Saturday, July 14, 2012


That’s what I thought when we first turned the key to the new, old house.  Eww.  Uh-oh.  What have we done?  A thick layer of dirt and dust everywhere I looked.  The floors, the blinds, the cabinets, the stairs, the porch.  Dirty.  And I guess I did not do a great job of concealing my disgust.

“This is a yucky house, Mommy.”

“No, no, Finn.  It just needs a little cleaning,” I said.  Cleaning that should have been done before I got here, I thought.  “Let’s go down to the basement.”

“This basement is poison, Mommy.”

“Posion, huh?” I said, but I did not disagree with him.  The cement walls and floor chipping away, dark rooms, old junk, rusty pipes, a toilet caked in…something…brown.  Poison was a real possibility.

But the kids found the fun.  Big, empty house with lots of doorways, lots of stairs, lots of room to run and chase and laugh after a long car ride.  So they laughed as I cringed at the dust cloud that formed when they banged on the blinds, at the many wooden stairs they would now have access to and would no doubt be tumbling down head-first, at the hive of yellow jackets between the window panes in Finny’s room.

When we went out to the front yard, the yard of weeds and a rotting old stump, I laid it on thick in my discussion of the street.

“Finny, you must never, never, never go into this street.  The cars will come very fast.  And we must always watch Charlie and if you ever see him going into the street, you call to Mommy and you bring him back.  Do you understand?”

And he did understand because he repeated this to me at least eight times over the next four days.

When we got back into the car, I bit my lip to keep from crying and told David to call the movers to move it back a day, so that I could clean, clean, clean.

And then I had to pull it together because they read me like a book, especially Finny, paying attention to every last worry that crosses my face and recording every last word I try to utter in confidence.  My fears easily became his fears.

And the newness was frightening to him too.  The first few nights, he trembled and screamed in his bed at what he imagined was a bug moving around in a spot on the wall where the window frame was pulling away from the wall.  Bugs for Finny were suddenly everywhere he looked.  Crumbs, fuzzers, spots in the hardwood.  Bugs attacking him from all angles.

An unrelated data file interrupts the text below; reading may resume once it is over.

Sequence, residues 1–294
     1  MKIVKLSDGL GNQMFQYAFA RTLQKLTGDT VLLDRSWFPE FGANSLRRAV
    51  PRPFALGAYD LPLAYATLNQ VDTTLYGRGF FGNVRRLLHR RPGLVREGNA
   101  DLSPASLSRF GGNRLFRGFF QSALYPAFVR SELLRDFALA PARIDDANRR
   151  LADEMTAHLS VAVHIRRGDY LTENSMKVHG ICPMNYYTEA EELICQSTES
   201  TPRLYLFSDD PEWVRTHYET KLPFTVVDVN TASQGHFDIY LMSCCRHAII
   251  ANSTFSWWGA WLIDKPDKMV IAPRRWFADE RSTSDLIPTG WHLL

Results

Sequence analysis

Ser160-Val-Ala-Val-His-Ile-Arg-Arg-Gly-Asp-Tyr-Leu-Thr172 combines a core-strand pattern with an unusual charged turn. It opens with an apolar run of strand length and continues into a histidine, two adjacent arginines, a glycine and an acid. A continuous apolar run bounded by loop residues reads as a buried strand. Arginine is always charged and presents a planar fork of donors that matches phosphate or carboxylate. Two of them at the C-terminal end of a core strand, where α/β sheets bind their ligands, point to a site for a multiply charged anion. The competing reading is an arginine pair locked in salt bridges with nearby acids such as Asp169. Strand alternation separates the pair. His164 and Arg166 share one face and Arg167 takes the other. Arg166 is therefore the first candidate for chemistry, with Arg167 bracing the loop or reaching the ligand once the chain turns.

But we adjusted.  We moved in.  I wiped down the floors and cabinets and dusted the radiators, David filled in the hole where the window was pulling away from the wall, and my mom dusted every blind she could in the short time she was here.  Slowly, but surely we are making it our home.  We are putting things away and hanging things up and finding our favorite spots to sip coffee and eat Cheerios and build towers out of blocks and put together puzzles.  Even the poison basement, with a carpet runner, a big Windex wipe down, and the door shut tight on the yucky old toilet, is not so poisonous after all.

The house, it turns out, is actually quite lovely.  Stained glass windows, beautiful woodwork, big front porch, a view of Lake Calhoun from Finny’s bedroom window.  Now that we’ve cleared away the dust, the charm is shining through, and our rented house on Irving Avenue is actually a pretty cool place to settle in for a while.  Even despite a few new fears and worries.

A couple days ago before my mom left town, she noticed we had an ant problem in the dining room.  After dropping her off at the airport, our big adventure for the day was to find a Home Depot and buy some bug spray.  When we successfully found the Home Depot after a few detours, Finny told me I had won ten gold doubloons and we went home to put them in our team treasure chest.

But a few minutes later, Charlie wandered into the kitchen with a new word in tow.  “Yu-Cky. 
Yu-Cky.  Yu-Cky,” he kept repeating as he backed into the kitchen away from the dining room.

“What’s yucky, Charlie?”  And he led me to a spot on the dining room floor where an innocent old brownie crumb was hanging out.  When I picked it up and put it my hand, he ran away from me in tears, “Yu-Cky!  Yu-Cky!” 

I laughed out loud.  Charlie who drinks toilet water, Charlie who eats bird poop, Charlie who sticks his tongue in any dog bowl he happens upon is now grossed out by a brownie crumb?

We are teaching these little boys a lot of things and fear is one of the trickiest lessons.  We have to get it just right.  I want them to get over their fear of bugs, but not their fear of the street.  I want them to learn to use the toilet, but not drink from it.  I want them to be afraid of the water, but I want them to learn to swim.  I don’t want them to fear the jungle gym, but I do want them fear the gaping holes at the top that they are not yet big enough to maneuver.

I want them to be full of fear…and then I want them to learn to overcome it.

And the best way to learn this is by trying something new. 
By moving to Minneapolis. 
By finding what’s yucky and scary and different…
and making it clean and fun and our own.

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